South Korea signs first military accord with Japan since colonial occupation of Korean peninsul 2906

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Defense News - South Korea

 
 
Friday, June 29, 2012, 04:51 AM
 
South Korea signs first military accord with Japan since colonial occupation of the Korean peninsula.
South Korea's foreign ministry said Thursday it will press ahead with a controversial decision to sign its first military accord with Japan since its colonial occupation of the Korean peninsula. Local reports said a day ago South Korea's Cabinet endorsed the pact, called the General Security of Military Information Agreement (GSOMIA), which allows the two sides to exchange military intelligence on the Democratic People's Republic of Korea (DPRK) and its nuclear and missile programs.
     
South Korea's foreign ministry said Thursday it will press ahead with a controversial decision to sign its first military accord with Japan since its colonial occupation of the Korean peninsula. Local reports said a day ago South Korea's Cabinet endorsed the pact, called the General Security of Military Information Agreement (GSOMIA), which allows the two sides to exchange military intelligence on the Democratic People's Republic of Korea (DPRK) and its nuclear and missile programs.
Kim Sung-Hwan, Minister of Foreign Affairs and Trade of Korea.

     

The clandestine Cabinet approval, which effectively concluded domestic procedures to seal the deal, immediately copped criticism from opposition lawmakers and civic activists who warn the accord will provoke anti-Japan sentiment and generate regional tension.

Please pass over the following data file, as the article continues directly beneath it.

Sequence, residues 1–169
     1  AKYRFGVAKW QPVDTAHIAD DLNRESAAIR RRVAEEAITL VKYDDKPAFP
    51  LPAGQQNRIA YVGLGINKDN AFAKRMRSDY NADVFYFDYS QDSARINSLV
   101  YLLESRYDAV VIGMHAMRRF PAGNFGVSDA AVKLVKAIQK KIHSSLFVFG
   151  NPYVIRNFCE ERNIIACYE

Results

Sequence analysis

Such concerns pressured the South Korean government last month into suspending the signing of a separate military agreement with Japan, called the Acquisition and Cross-Servicing Agreement (ACSA).

The deal, if signed, would have allowed exchanges of supplies including fuel and weapons between the South Korean military and Japan's Self-Defense Forces.

"We are well aware that domestic procedures for the accord didn 't go entirely smoothly and we humbly accept such criticism," foreign ministry spokesman Cho Byung-je said during a press briefing.

Still, the government believes the accord will be signed as early as Friday after Japan's Cabinet approval, Cho added.

Shin Kak-soo, Seoul's top envoy to Tokyo, and Japanese foreign minister Koichiro Gemba are expected to sign the watershed pact in Tokyo.

The United States, which has troops stationed in both South Korea and Japan, has placed an increasing emphasis on trilateral security cooperation in part by initiating joint drills and talks involving top defense officials.

"The purpose of the accord is to facilitate the move by the U.S. to build a missile defense system (in the region)," civic activists said in a statement read out during a rally in central Seoul earlier in the day.

 

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